New Delhi: Adar Poonawalla, chief executive officer of Indian biotechnology and biopharmaceuticals company Serum Institute of India, said Tuesday that his company was criticised internationally because “it did not suit the global narrative to have a company from India be capable of delivering quality products”.
The 41-year-old Poonawalla was speaking at the All India Management Association’s 7th National Leadership Conclave in Delhi.
“I got a lot of criticism for my decisions in 2021. The Indian media was fair to me but international media wanted to criticise because it did not suit them to have an Indian company have the quality and capability of contributing globally in such an important matter,” Poonawalla said.
“It got politicised and I had to deal with that. I’d be very happy to now slowly phase out of the limelight,” he said.
As the world’s largest vaccine manufacturer, SII became among the first global maker of Covid-19 vaccines after partnering with AstraZeneca, which was developing the vaccine — marketed in India as Covishield — in partnership with the University of Oxford.
“I wanted to make sure ours was among the first vaccines to make it out of the gate because, as more and more players came into the market, the demand would taper off,” Poonawalla explained.
He said that he bet on the AstraZeneca vaccine because it used a proven platform, an adenovirus vector-based vaccine, as compared to two of the other two early vaccines by Pfizer and Moderna, both based on mRNA technology, a completely new platform.
Decades of experience in vaccine-making, however, did not insulate Poonawalla and SII from hurdles during the pandemic.
“Even though the Indian government did help us get raw materials from the US through diplomatic channels, that should not have been necessary. It should have been automatic,” he said.
Poonawalla claimed that there are a lot of political forces in other countries — like the US and some countries in Asia — that want to keep Indian companies out because it brings competition into their territories. But at least at the time of a pandemic, having a treaty on the free flow of raw materials and regulatory harmonisation could be a way of addressing it, he said.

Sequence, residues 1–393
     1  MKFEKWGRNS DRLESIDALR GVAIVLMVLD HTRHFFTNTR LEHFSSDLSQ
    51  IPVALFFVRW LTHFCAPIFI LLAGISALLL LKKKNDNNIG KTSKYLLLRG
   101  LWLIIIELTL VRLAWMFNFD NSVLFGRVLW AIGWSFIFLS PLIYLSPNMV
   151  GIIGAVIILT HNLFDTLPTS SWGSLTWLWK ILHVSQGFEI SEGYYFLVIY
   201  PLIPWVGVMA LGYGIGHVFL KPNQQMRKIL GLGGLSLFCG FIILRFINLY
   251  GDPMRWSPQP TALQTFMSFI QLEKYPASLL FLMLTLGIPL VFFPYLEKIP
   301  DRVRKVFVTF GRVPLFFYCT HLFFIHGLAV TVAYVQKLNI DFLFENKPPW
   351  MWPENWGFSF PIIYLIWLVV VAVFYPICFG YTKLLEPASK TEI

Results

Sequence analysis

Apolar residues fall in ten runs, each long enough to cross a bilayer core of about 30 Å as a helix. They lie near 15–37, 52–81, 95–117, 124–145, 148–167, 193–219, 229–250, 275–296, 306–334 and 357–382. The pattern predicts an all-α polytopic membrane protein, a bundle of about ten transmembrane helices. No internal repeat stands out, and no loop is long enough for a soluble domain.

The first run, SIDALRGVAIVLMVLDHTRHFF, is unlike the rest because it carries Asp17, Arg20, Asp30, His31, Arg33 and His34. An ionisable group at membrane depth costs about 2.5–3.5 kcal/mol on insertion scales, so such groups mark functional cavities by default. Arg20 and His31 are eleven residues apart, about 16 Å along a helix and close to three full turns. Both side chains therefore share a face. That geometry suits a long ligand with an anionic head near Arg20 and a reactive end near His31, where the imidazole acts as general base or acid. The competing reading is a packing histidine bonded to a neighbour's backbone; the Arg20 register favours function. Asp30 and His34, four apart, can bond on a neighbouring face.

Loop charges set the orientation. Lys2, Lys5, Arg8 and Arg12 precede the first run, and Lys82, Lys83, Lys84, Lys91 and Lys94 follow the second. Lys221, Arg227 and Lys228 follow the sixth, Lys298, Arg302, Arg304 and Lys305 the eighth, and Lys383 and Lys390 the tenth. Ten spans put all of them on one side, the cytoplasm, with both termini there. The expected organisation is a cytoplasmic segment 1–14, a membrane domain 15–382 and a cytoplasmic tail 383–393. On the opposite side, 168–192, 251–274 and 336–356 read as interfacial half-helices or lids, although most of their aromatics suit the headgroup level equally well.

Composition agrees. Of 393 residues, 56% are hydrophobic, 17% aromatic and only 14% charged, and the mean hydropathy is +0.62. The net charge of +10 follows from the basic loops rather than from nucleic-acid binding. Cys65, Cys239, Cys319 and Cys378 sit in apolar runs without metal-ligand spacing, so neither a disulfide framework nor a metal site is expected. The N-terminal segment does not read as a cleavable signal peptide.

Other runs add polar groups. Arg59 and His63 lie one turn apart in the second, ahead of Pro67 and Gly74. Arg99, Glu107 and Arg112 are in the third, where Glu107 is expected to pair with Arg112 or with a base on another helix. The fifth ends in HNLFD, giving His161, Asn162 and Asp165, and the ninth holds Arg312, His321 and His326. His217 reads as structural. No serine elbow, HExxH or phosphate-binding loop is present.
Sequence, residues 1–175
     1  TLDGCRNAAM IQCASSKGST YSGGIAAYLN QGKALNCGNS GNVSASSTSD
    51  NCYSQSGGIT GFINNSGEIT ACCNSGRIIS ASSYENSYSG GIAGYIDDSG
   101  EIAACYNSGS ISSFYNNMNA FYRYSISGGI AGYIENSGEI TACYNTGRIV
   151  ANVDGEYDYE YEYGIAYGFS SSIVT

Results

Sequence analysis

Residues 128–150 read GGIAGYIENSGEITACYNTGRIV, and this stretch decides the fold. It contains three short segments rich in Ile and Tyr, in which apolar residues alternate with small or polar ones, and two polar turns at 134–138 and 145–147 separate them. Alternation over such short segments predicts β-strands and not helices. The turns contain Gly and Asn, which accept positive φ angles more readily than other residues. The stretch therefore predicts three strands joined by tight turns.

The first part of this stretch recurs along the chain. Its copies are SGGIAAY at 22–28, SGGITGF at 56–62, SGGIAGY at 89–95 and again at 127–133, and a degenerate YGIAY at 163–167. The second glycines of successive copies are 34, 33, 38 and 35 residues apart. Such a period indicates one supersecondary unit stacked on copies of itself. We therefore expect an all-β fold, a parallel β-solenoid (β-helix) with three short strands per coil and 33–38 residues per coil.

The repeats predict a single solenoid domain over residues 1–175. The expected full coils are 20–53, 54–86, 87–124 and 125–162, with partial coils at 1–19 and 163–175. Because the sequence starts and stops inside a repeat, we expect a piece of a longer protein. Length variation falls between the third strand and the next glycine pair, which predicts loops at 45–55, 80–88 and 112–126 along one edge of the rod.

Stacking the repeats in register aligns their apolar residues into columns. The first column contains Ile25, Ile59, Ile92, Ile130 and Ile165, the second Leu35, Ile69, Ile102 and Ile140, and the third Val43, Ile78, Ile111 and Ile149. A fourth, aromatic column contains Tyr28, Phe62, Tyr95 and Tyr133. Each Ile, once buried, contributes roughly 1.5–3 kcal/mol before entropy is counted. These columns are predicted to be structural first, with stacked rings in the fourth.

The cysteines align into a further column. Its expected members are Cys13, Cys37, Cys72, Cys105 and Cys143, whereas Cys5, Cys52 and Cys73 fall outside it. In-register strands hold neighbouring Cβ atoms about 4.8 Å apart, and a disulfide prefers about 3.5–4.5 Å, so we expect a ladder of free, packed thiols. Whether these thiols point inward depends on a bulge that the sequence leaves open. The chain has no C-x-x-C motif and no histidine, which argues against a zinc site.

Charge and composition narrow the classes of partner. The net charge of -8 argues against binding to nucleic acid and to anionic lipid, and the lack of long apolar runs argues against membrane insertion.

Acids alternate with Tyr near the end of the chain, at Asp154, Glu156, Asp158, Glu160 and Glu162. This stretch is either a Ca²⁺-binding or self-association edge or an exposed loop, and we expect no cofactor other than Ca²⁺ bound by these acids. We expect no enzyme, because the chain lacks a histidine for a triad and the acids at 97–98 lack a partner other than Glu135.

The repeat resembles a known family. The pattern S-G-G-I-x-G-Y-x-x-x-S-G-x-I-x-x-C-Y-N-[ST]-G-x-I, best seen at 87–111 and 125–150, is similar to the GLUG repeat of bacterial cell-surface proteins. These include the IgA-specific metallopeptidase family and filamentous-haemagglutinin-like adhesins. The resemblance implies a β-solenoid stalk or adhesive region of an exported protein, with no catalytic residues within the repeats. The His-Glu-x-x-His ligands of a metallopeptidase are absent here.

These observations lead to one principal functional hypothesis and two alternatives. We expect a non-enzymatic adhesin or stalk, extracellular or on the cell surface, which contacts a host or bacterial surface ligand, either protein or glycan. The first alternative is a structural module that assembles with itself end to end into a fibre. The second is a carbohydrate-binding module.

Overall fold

He said that although India was better equipped at dealing with pandemics now, it is more important for a global treaty to regularise standards that allow companies to be able to share resources across borders.
“A lot of the African countries could not get access to the vaccines. Having a global pandemic treaty would make it much easier for politicians to convince their own nations that it (vaccine sharing) was the right thing to do,” he said.
“When we were trying to export vaccines in the first quarter of 2021, the Indian opposition parties and others thought that all the vaccines should remain in India. But what we failed to communicate to them was that we get a lot of reciprocity because India is the pharmacy of the world,” he explained. For example, when India needed oxygen, other countries sent help, Poonawalla said.
Protests from the Indian opposition at the time when the Delta variant-fuelled second Covid wave was devastating the country, forced the central government to stop vaccine exports for a few months.
As a result, Indian companies could not meet their commitments to other countries at a critical time, damaging India’s reputation, he said. In May 2021, the Indian government had to turn down the request from SII to export 50 lakh doses of Covishield to the UK under its prior commitments, despite the international pressure and several rounds of negotiations by SII.
Poonawalla said there was an urgent need for a global treaty to deal with pandemics that would remove the political and bureaucratic barriers to resource-sharing at critical times.
“I am working on a global pandemic treaty that I proposed in Davos (World Economic Forum summit) this year,” Poonawalla said. “We have to have, in a pandemic situation, global harmonisation of regulatory standards. We need to have mutual recognition of vaccine certifications. We need to have a free flow of raw materials and vaccines in a crisis,” he said.
So how will the treaty help? It will assist in fulfilling commitments at a time of a massive health crisis like Covid “so there would be no ambiguity about what we need to do and what we should”.
“This would not only benefit companies in the future who make commitments but also ensure that poorer nations have access,” he said.
The world is already falling back into its pre-pandemic ways, Poonawalla said.
“Currently there are different regulations in different countries to fight the same global pandemic — once again highlighting the need to have harmonised regulations,” he added.
(Edited By Uttara Ramaswamy)